Still fighting for their lives, Franklin and Gustavo decide to leave the money they’d been carrying under the house to retrieve later. Lighter on their feet now, the two men sneak into a house without a car in the driveway. Upon entering through the window, they quickly realize that the owner of this home is a fan of taxidermy. When Franklin attempts to use the house phone, he realizes it is unplugged just a few seconds before he feels a sharp pain. As he turns around, he realizes he has been shot by the home’s owner, an old white man with a tranquilizer gun. The man proceeds to shoot Gustavo next, and the two men fall to the ground. “I told you muchachos, keep bothering me, I’d get new security,” the man says (Gran Torino, is that you?). Franklin panics, worrying that the man has plans to stuff them. The old man assured him that he is far too slender to be an ideal candidate for taxidermy. Gustavo, however, he finds to be the perfect size for such an experiment. (If this man actually stuffs El Oso, I will scream!)
As the men slip into tranquilizer-induced sleep, their fate lies in the hands of a stranger. When he awakes from his sleep, Franklin finds that he and Gustavo are caged next to a tiger. Still groggy from the tranquilizer, Gustavo struggles to gain clarity amid Franklin’s clarifying fear. As he comes to, he will confront the source of Franklin’s alarm: War has brought them face-to-face with all of God’s creatures. For Achilles, the animal world was an allegory for untenable dissonance: “There can be no covenants between men and lions, wolves and lambs can never be of one mind, but hate each other out and out an through.” If Franklin is the Achilles of this Iliad, he will have to find his inner beast if he wishes to outfox fate.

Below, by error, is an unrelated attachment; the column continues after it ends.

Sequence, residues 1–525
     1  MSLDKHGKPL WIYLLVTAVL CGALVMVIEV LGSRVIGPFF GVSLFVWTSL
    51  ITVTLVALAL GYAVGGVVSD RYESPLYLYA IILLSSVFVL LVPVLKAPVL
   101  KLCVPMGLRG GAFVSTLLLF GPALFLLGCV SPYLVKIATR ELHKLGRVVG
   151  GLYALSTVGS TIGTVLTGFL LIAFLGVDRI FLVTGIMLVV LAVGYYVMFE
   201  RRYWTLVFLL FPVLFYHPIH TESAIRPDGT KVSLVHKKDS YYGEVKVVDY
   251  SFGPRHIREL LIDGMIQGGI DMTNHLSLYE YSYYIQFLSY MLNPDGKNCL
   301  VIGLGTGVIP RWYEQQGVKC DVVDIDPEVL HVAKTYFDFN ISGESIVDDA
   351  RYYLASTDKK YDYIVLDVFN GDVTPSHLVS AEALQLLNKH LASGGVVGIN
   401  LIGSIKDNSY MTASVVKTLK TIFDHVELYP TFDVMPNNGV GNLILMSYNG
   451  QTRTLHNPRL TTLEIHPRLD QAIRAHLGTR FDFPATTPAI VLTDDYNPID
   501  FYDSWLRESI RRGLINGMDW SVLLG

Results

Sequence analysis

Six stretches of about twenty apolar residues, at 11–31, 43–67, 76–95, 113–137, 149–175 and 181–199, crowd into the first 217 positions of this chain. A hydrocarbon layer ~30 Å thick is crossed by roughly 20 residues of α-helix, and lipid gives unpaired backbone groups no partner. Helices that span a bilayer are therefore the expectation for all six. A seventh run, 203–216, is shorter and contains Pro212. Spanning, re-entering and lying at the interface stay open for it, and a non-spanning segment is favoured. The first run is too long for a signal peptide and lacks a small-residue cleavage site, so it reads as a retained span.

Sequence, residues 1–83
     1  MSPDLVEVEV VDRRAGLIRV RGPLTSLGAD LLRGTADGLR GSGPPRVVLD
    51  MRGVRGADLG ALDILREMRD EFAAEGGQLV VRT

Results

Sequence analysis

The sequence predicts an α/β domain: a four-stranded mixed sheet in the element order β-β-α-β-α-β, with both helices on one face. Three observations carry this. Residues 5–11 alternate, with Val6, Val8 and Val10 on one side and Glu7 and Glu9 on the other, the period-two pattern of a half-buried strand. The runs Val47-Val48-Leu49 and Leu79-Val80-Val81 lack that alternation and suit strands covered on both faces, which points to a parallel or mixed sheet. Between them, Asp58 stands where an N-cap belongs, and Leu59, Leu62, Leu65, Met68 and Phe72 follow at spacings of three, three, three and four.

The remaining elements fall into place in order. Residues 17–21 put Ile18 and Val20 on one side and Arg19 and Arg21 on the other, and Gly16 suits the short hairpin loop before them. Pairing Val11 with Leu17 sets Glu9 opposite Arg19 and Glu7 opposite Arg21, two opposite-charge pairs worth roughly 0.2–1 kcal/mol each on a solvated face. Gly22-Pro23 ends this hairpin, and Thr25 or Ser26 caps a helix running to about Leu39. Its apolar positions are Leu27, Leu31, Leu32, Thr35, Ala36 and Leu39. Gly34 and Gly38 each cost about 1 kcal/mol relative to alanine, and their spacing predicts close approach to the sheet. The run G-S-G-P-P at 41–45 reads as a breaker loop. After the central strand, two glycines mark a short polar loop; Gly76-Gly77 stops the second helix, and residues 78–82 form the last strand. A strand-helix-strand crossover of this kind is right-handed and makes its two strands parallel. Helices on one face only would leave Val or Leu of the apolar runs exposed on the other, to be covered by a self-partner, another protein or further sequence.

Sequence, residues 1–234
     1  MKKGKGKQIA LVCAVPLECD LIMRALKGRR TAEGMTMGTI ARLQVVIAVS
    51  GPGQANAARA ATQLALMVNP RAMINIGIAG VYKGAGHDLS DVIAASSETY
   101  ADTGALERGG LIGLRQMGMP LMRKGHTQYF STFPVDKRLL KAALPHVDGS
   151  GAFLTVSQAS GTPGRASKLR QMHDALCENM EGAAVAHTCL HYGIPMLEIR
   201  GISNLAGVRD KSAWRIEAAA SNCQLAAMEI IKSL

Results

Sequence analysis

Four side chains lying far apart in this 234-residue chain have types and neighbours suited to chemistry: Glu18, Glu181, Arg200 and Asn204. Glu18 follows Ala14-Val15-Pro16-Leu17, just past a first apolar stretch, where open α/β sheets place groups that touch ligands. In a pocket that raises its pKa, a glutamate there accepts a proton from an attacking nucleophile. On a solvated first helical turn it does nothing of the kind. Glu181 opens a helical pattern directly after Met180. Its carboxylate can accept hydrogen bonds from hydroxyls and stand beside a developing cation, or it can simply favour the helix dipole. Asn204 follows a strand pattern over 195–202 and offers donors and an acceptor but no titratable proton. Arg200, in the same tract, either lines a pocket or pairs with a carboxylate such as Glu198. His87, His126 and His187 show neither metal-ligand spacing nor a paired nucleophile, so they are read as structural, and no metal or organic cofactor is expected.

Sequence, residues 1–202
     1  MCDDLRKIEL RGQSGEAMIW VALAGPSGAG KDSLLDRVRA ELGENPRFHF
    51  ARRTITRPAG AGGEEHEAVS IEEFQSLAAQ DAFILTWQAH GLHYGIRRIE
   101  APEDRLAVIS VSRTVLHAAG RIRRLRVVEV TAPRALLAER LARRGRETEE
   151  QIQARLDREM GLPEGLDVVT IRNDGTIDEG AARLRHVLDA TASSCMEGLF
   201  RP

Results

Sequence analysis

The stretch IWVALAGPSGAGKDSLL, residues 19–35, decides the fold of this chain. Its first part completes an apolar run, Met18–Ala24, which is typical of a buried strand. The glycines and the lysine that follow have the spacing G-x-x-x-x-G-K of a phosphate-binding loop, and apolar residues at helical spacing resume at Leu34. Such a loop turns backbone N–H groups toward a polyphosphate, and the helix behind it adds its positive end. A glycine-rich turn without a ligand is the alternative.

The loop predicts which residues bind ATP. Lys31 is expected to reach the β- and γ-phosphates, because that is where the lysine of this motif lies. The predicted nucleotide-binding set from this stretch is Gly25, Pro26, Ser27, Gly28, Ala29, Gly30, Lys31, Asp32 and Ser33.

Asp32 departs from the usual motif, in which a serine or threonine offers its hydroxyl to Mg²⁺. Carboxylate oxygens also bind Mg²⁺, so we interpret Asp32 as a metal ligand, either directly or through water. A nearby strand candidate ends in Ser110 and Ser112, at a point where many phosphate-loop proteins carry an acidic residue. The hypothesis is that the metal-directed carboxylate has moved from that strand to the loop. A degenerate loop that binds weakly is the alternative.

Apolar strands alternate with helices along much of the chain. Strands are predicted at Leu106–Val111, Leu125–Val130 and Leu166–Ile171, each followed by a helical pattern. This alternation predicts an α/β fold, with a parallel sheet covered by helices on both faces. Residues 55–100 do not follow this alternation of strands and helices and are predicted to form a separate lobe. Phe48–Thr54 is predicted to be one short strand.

Musings From the Siege of South Central
• Hector of the Hood: Before their meeting with Avi goes left, we see Leon back in the project debating with Big Deon about the constitution. “Malcolm X said Article II of the constitution provides you and me the right to own a gun,” Leon explains emphatically, trying to convert his associates to his new cause. One of Big Deon’s men struggles to roll his joint amid Leon’s revolutionary rants. Can the fires of revolution light a blunt?
• Thetis, Mother of Achilles: When Cissy meets up with Rubén, he gives her a pen with an audio chip that she needs to put in Franklin’s office. “Killing Teddy is one thing, recording my son talking about illegal activity is a-motherfuckin’-nother,” she tells Rubén. Cissy crossed the Caribbean sea twice for her family. Come hell or high water, she won’t steer her son in the wrong direction.